by Linda Raftree, Independent Consultant and MERL Tech Organizer
As we delve into why, when, where, if, and how to incorporate various types of technology and digital data tools and approaches into monitoring, evaluation, research and learning (MERL), it can be helpful to think about MERL technologies from two angles:
- Doing our work better: How can new technologies and approaches help us do what we’ve always done — the things that we know are working and having an impact — but do them better? (E.g., faster, with higher quality, more efficiently, less expensively, with greater reach or more inclusion of different voices)
- Doing our work differently: What brand new, previously unthinkable things can be done because of new technologies and approaches? How might these totally new ideas contribute positively to our work or push us to work in an entirely different way.
Sometimes these two things happen simultaneously and sometimes they do not. Some organizations are better at Thing 1, and others are set-up well to explore Thing 2. Not all organizations need to feel pressured into doing Thing 2; however, and sometimes it can be a distraction from Thing 1. Some organizations may be better off letting early adopters focus on Thing 2 and investing their own budgets and energy in Thing 1 until innovations have been tried and tested by the early adopters. Organizations may also have staff members or teams working on both Thing 1 and Thing 2 separately. Others may conceptualize this as process or pathway moving from Thing 2 to Thing 1, where Thing 2 (once tested and evaluated) is a pipeline into Thing 1.
Here are some potentially useful past discussions on the topic of innovations within development organizations that flesh out some of these thoughts:
- A discussion on how to encourage innovation in development organizations
- A discussion on the capacity of international civil societies organizations to be nimble?
- Insights on developing an organizational ICT4D strategy
Many of the new tools and approaches that were considered experimental 10 years ago have moved from being “brand new and innovative” to simply “helping us do what we’ve always done.” Some of these earlier “innovations” are related to digital data and data collection and processing, and they help us do better monitoring, evaluation and research.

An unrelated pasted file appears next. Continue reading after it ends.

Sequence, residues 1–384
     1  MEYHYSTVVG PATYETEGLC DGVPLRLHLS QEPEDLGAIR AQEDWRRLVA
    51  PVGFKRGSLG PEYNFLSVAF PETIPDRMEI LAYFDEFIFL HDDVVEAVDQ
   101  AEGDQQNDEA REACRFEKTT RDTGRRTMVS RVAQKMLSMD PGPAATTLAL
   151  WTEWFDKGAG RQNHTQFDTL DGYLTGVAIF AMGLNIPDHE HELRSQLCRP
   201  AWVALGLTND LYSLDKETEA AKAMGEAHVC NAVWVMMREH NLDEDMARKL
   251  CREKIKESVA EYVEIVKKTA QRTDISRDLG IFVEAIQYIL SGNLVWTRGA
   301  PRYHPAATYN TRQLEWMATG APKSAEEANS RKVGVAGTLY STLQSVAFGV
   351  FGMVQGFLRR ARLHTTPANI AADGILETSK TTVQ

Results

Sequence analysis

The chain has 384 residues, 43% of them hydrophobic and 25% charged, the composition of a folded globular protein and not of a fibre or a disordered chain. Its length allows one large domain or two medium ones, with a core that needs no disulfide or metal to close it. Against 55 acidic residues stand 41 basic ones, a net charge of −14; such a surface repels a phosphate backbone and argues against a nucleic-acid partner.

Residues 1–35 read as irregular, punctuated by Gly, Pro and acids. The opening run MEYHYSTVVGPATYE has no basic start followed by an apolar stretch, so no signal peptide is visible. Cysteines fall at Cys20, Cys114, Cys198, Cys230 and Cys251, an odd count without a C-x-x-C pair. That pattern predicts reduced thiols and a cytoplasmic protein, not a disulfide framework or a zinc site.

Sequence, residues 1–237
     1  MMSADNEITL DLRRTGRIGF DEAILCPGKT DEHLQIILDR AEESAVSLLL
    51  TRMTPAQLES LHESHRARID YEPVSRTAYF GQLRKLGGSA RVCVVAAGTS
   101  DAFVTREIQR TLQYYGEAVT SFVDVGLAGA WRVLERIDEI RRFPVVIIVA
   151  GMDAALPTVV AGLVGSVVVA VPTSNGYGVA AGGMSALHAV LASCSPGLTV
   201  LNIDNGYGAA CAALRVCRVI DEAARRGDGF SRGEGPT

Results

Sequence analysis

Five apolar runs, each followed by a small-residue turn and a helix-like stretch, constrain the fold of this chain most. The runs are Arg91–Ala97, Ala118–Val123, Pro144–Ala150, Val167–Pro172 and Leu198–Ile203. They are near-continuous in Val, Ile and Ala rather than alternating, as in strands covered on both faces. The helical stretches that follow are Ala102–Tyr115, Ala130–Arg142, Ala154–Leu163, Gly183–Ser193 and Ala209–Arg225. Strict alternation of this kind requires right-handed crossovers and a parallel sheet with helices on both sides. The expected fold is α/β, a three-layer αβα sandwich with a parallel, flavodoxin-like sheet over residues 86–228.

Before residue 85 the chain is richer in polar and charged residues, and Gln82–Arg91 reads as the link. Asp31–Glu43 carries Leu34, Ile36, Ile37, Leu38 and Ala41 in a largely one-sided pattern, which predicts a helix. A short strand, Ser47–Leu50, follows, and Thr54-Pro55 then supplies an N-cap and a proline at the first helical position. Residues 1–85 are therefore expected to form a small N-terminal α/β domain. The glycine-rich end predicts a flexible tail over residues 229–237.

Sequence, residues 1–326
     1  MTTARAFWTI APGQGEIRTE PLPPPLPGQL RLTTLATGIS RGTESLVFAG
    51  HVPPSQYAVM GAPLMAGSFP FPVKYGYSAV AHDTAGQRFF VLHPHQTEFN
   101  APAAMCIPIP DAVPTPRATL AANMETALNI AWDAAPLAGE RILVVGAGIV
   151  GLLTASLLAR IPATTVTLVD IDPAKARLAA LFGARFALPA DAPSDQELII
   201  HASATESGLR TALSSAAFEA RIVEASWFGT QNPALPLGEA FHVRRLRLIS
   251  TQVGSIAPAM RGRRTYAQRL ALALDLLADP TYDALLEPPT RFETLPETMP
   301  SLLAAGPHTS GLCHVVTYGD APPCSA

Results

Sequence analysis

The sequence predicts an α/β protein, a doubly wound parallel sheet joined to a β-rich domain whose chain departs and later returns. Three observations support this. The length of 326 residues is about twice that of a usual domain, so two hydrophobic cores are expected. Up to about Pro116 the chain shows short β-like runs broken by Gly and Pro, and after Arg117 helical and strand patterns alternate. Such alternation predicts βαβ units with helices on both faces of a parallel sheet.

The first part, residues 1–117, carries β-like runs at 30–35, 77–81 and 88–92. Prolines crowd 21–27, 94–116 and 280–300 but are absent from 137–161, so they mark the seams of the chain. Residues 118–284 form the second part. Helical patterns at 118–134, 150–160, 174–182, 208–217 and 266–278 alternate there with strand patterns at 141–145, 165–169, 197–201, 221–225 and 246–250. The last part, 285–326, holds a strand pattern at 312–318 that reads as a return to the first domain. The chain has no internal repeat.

On the flip side, monitoring, evaluation and research have played a key role in helping organizations and the sector overall learn more about how, where, when, why and in what contexts these different tools and approaches (including digital data for MERL) can be adopted. MERL on ICT4D and Digital Development approaches can help calibrate the “hype cycle” and weed out the shiny new tools and approaches that are actually not very effective or useful to the sector and highlight those that cause harm or put people at risk.
There are always going to be new tools and approaches that emerge. Humanitarian and development organizations, then, need to think strategically about what kind of organization they are (or want to be) and where they fit on the MERL Tech continuum between Thing 1 and Thing 2.
What capacities does an organization have for working on Thing 2 (brand new and different)? When and for how long should an organization focus on Thing 1, building on what it knows is working or could work, keeping an eye on the early adopters who are working on Thing 2. When does an organization have enough “proof” to start adopting new tools and approaches that seem to add value? How are these new tools and approaches being monitored, evaluated and researched to improve our use of them?
It’s difficult for widespread adoption to happen in the development space, where there is normally limited time and capacity for failure or for experimentation, without solid MERL. And even with “solid MERL” it can be difficult for organizations to adapt and change due to a multitude of factors, both internal and external.
I’m looking forward to September’s MERL Tech Conference in DC where we have some sessions that explore “the MERL on ICT4MERL?” and others that examine aspects of organizational change related to adopting newer MERL Tech tools and approaches.